By Roi Gal-OR
Last month I contributed and performed in a wonderful storytelling festival in a place called Skellefteå in the far north of the Swedish Lapland.
One of the highlights of the trip for me was meeting with and learning more about the Sami people, the natives of that land and their traditions. It was also the first time in my life I had a chance to hear a live Sami yoik.
A Yoik is a form of traditional Sami singing and one of the oldest living music traditions in Europe. I learnt that when a Sami baby is born, the people around the baby will sing to the baby a yoik – a spiritual tune that captures their impression of the essence of the child. As the child grows older they will be able to change, add and improvise around, their own yoik. Sami people can sing and dedicate a yoik to another person, to an animal or to the landscape around them.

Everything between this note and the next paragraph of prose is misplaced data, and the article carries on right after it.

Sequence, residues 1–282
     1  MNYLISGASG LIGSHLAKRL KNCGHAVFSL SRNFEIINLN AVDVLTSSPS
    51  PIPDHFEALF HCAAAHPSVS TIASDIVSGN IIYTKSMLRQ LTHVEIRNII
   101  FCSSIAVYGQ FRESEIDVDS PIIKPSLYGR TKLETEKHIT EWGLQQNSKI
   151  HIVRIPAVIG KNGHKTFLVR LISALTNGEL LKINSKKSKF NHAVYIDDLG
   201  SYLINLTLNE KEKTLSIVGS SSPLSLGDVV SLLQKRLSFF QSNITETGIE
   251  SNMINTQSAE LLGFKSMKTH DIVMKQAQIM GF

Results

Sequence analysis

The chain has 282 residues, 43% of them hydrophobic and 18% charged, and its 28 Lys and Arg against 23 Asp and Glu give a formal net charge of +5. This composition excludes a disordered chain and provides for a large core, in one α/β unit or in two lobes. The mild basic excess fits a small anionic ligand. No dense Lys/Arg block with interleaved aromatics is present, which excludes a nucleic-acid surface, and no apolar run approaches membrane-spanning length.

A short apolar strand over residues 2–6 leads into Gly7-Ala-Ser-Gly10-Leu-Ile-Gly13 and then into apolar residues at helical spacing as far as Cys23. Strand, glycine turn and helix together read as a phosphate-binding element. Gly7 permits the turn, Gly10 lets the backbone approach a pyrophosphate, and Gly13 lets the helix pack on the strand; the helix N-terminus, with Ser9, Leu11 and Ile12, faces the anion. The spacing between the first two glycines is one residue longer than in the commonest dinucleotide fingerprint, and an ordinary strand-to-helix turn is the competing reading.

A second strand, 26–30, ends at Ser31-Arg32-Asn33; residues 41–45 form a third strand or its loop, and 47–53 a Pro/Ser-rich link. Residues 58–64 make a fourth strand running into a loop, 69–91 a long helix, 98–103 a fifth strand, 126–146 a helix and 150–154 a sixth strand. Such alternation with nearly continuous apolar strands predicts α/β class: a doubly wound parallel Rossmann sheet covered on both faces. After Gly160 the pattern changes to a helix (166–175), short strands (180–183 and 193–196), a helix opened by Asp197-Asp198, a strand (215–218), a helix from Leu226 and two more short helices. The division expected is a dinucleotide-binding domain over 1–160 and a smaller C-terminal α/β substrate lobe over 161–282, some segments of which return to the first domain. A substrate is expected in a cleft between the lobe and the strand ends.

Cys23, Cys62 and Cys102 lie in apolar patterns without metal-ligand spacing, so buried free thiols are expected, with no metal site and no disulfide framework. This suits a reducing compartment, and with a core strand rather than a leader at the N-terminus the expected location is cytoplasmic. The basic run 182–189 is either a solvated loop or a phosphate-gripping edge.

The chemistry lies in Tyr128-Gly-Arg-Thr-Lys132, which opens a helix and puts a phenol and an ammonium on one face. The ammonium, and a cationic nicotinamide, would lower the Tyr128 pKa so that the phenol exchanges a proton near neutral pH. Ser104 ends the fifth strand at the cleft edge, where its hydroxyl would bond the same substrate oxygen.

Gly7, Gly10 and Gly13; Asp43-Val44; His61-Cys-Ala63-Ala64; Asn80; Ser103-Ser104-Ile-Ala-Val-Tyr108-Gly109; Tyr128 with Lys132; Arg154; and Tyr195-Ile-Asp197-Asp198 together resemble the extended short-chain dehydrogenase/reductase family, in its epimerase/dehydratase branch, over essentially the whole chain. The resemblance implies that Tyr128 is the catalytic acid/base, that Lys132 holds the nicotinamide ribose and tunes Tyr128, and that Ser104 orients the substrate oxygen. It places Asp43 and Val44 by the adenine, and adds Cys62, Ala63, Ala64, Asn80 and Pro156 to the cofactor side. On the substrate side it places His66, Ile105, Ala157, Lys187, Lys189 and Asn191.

The yoik is sung as an inspiration to evoke or portray that person or place through song – and the singer will yoik the place itself, rather than about it. There are no words but only sounds in a yoik and the man I heard yoiking sang with a voice that was deep, grounded and as ancient as the Earth herself.
It was an incredible experience to listen to him and one that connected me to the present moment and the landscape around me in a way that is hard to express in words (though may be possible if I found a way to Yoik it myself…). I was deeply moved by this ancient practice of connection, uniting people with the land through using one’s own voice to sing a place to life.
I find many links between Yoiking and the experiences I had listening to and speaking from the landscape during the ‘Earth Speaks’ course which I led last year at Emerson College with my colleague Karmit Even Zur.
On the 21st of June 2015 Karmit and I will offer a week long course called ‘Earth Speakers – Earth Keepers’ at Emerson College and I sound here a great call, an ‘invitation Yoik’ to all those who care for the earth and wish to lend their voice to the land to come and join us!